San Diego School Lunchrooms Go Green
Farm-To-School Movement Mixes Things Up At Local Schools
It’s lunch time at Marston Middle School in Clairemont.
Hundreds of hungry students grab their lunch trays and line-up at the school’s salad bar.
Today’s harvest-of-the-month is broccoli.
“This broccoli was grown special for you,” Vanessa Zajfen tells students before they eat their lunch. Zajfren is the San Diego Unified School District’s farm-to-school program specialist.
“We planted it in November over five months ago, and now it's here in your salad bar,” she adds.
Broccoli is the latest crop to end-up on school lunch trays in San Diego schools. The vegetable is also featured on pizza and baked potatoes.
The goal of the district’s farm-to-school program is to serve nutritious meals by getting local growers to harvest foods for young students.
Santa Monica and Berkeley first pioneered the farm-to-school program about 15 years ago. Now there are 2,000 programs in more than 40 states.
Zajfen says the challenge in San Diego Unified is that its kitchens have moved away from what is called scratch cooking.
She says about 15 years ago, school chefs actually prepared meals -- from fresh bread to turkey soup. Now they rely on ovens to heat up pre-packaged foods.
“Bringing in a food item that needs to be hand-processed, taking multiple hours to prepare is a new thing,” Zajfen says. “It’s going back (in time) in some sense as well as moving us forward.”
California does have stricter school lunch standards compared to other states.
San Diego Unified takes it one step further by basing its menu on SHAPE California -- a set of nutritional guidelines for schools that calls for more fruits, vegetables and whole grains.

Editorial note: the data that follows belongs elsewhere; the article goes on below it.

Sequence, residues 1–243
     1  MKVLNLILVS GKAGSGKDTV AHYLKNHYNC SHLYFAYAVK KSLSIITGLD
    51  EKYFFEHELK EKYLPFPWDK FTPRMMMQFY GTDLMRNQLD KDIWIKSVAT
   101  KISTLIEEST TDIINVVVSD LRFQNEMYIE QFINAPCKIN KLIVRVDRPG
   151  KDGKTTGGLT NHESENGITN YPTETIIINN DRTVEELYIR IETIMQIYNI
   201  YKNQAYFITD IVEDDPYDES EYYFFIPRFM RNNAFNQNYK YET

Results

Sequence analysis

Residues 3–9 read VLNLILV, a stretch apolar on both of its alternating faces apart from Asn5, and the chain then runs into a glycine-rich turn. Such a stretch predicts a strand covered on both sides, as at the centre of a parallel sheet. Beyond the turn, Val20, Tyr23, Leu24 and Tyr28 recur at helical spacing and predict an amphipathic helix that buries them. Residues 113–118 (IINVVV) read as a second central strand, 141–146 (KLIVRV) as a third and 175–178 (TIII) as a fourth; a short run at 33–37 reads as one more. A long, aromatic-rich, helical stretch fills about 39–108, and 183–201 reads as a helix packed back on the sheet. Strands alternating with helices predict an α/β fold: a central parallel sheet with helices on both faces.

“It feels good knowing you’re not buying that frozen gross fake broccoli,” says 11-year-old like Sydney Johnson. “I can actually have real broccoli right in my cafeteria.”
But getting kids to eat farm fresh vegetables like broccoli is still a challenge.
Food services officials are getting salad bar coaches to stand in line with students, encouraging them to try new veggies.
They’re also conducting taste tests in classrooms.
Kitchen staff is even handing out farmer trading cards to students featuring the local farmer of the month.
One of those farmers is Jonathon Reinbold who runs Tierra Miguel Foundation and Farm in Pauma Valley, an 85-acre organic farm about 15 miles northeast of Escondido.
Reinbold says getting farm food onto school tables may seem like an easy thing to do, but there are significant hurdles.
Public schools are constrained by federal subsidies that limit how much they can spend on food. School districts also rely on certain distributors who may not do business with local farmers.
Reinbold says it's tough work, but it can happen.
“The fact that we got through it, and we have the next crop in the ground for next month … is a huge step,” he says. “(The vegetables) are not coming out of a bag. They are coming from a local farm only 20 miles away. I think it’s great.”
San Diego schools have been serving locally grown produce for about a year now. So far this year they’ve enjoyed locally harvested apples, tangerines and squash.
Food services officials hope to serve an entire meal of locally grown foods at least once a month.